The authors explain the aims and likely impact of the National Security and Investment Bill, which adds to the Government's powers to intervene in sensitive acquisitions

On 11 November 2020 the UK Government published its National Security and Investment Bill (“the Bill”). The Bill is intended to strengthen the Government’s powers to scrutinise and interfere with investment on the grounds of national security. “National security” is not defined, allowing the Government wide discretion for intervention.

The Bill introduces the following powers:

  • enabling the Secretary of State to “call in” acquisitions of sensitive entities and assets (“trigger events”) for the purposes of conducting a national security assessment. This can happen up to five years after a trigger event has taken place;
  • establishing a requirement for proposed acquirers of sensitive entities and assets to seek authorisation and to obtain approval from the Secretary of State before completing their acquisition;
  • creating a voluntary notification system, to encourage notifications from parties who consider that their trigger event may raise national security concerns; and
  • creating a power to impose remedies to address risks to national security, sanctions for non-compliance with the regime and mechanisms for legal challenge.

The Bill is due to have its report stage and third reading in the House of Commons, on a date yet to be announced.

Background

The Government’s existing powers to intervene in mergers and acquisitions on the grounds of national security are set out in the Enterprise Act 2002 (“EA”). These powers were extended in 2018 to amend the “share of supply” and “turnover” thresholds in the EA, allowing the Government to intervene in more mergers on public interest grounds in three sectors of the economy: military or dual-use goods which are subject to export control, computer processing units and quantum technology. Two further amendments were enacted last year to make three further sectors of the economy subject to the lower intervention thresholds: artificial intelligence, cryptographic authentication technologies, and advanced materials.

In referencing the unfitness of the EA to combat national security threats, the Government cited by way of example that it cannot be used to intervene in asset acquisitions where a hostile actor wants to buy sensitive assets, such as intellectual property, rather than acquiring the business that owned them. The introduction of the Bill therefore represents a logical, albeit significant, extension of the UK's screening powers.

The UK has traditionally been an attractive country for foreign direct investment (FDI), which recognises the advantages of the language, legal system and time zone of the UK. The Government has been keen to stress that this Bill is not intended to undermine this reputation but is a necessary strengthening of FDI screening powers to ensure that FDI is not used as a method of threatening the state, for example through cyberattacks, and that the Bill is in line with measures other countries, such as the USA, France and Germany, have adopted.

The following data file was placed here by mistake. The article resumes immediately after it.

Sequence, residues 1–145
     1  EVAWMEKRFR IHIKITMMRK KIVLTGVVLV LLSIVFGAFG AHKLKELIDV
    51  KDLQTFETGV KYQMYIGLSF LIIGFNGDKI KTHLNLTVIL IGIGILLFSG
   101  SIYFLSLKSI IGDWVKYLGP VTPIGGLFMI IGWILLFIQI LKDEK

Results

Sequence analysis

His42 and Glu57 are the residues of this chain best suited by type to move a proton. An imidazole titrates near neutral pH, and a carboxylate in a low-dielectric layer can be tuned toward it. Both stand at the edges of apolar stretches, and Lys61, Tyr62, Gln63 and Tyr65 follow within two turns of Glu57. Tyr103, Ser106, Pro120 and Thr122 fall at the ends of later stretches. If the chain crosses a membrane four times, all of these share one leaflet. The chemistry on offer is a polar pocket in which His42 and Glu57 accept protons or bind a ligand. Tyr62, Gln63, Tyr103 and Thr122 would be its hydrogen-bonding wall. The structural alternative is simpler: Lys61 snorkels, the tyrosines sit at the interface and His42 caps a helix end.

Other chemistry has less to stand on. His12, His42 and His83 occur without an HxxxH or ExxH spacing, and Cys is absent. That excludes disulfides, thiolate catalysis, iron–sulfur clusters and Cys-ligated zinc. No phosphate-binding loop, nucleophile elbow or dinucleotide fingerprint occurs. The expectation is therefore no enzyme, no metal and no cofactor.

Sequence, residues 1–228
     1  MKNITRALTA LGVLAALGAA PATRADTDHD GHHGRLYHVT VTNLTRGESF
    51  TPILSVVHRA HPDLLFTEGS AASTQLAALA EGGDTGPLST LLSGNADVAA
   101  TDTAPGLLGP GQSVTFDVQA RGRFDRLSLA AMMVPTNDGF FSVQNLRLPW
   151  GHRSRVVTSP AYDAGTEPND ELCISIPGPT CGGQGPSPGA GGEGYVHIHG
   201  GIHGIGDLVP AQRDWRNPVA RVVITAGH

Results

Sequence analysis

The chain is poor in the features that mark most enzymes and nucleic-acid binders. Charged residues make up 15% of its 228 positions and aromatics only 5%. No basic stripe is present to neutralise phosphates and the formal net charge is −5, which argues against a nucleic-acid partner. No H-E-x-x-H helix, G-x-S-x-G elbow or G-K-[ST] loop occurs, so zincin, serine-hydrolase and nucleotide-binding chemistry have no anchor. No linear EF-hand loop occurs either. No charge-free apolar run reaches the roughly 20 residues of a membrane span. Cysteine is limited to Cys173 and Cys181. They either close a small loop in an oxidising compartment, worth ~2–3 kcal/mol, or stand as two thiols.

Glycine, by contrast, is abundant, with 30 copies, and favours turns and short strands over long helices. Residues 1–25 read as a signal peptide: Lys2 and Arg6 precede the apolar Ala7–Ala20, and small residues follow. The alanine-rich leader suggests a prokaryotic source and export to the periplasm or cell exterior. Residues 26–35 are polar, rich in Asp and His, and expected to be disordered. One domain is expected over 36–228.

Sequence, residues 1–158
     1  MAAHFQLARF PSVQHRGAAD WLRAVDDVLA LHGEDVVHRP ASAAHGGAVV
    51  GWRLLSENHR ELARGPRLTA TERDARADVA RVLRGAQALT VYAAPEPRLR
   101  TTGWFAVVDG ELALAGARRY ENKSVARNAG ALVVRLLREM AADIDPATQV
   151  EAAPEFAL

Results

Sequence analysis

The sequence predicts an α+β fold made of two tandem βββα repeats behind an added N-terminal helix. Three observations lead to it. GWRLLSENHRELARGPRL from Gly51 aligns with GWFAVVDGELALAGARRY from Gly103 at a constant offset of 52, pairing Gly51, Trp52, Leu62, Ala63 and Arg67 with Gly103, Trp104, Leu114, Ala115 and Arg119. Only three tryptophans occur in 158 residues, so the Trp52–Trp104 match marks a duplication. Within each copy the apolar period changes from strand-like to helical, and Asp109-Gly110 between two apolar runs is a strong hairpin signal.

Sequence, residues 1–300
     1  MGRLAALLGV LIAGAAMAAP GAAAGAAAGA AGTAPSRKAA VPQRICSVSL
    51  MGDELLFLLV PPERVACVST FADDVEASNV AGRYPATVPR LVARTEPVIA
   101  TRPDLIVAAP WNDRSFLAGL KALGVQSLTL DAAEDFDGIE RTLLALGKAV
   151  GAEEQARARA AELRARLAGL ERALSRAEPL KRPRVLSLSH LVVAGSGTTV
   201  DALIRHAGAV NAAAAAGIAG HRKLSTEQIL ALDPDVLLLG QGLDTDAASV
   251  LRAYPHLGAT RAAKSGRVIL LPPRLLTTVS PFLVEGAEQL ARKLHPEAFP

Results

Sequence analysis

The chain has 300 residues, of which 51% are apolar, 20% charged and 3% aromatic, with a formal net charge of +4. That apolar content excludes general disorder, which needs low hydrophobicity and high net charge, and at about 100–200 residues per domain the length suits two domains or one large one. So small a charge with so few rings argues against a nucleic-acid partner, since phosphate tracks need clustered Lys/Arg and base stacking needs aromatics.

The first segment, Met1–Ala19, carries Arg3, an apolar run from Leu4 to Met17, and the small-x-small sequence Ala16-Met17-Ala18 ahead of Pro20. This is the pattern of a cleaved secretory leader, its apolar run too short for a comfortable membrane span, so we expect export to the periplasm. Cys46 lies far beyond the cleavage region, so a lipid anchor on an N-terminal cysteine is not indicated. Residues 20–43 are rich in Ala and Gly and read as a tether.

Core powers

The Bill introduces new powers requiring mandatory notification for certain transactions in a proposed list of 17 sectors. The scope of the notification obligation and the sectors impacted will be clarified in secondary legislation following a consultation, but the proposed list of sectors for mandatory notification can be found in a UK Government consultation which closed on 6 January 2021. 

Mandatory notification will be required where a transaction involves the acquisition of 15% or more of the votes/shares in an entity, or where the acquisition of voting rights in the entity enables the acquirer to secure or prevent the passage of any class of resolution governing the affairs of the entity. Mandatory notification means that the Government is automatically informed of potential transactions in these sectors and is able to take action accordingly to investigate and mitigate any national security risks. A voluntary notification regime is imposed for other sectors. The Government has published a flowchart setting out how the process works.

Impact

The Bill will create a certain degree of uncertainty and have an immediate impact on business. Acknowledging this, the Government has sought to reassure business that the proposals are intended to minimise any potential costs “by creating a proportionate and focused regime with strict statutory deadlines”. As the Government may “call in” certain transactions up to five years from the date they were effected, the Bill will have an immediate impact. Recognising this, since 12 November 2020 parties have been invited to share information about relevant trigger events with the Government, which will engage in an “informal discussion” about business planning and the exercise of the call-in power.

The Bill will apply to all sizes of company and to all investments, whether by UK or foreign acquirers.

Sanctions for non-compliance with the regime include fines of up to 5% of global turnover or 10 million (whichever is greater). Individuals face imprisonment of up to five years for infringing the Bill.

The Author

Paul Marshall is a partner and James Millward a senior associate with the Corporate Crime & Investigations practice group at Brodies LLP

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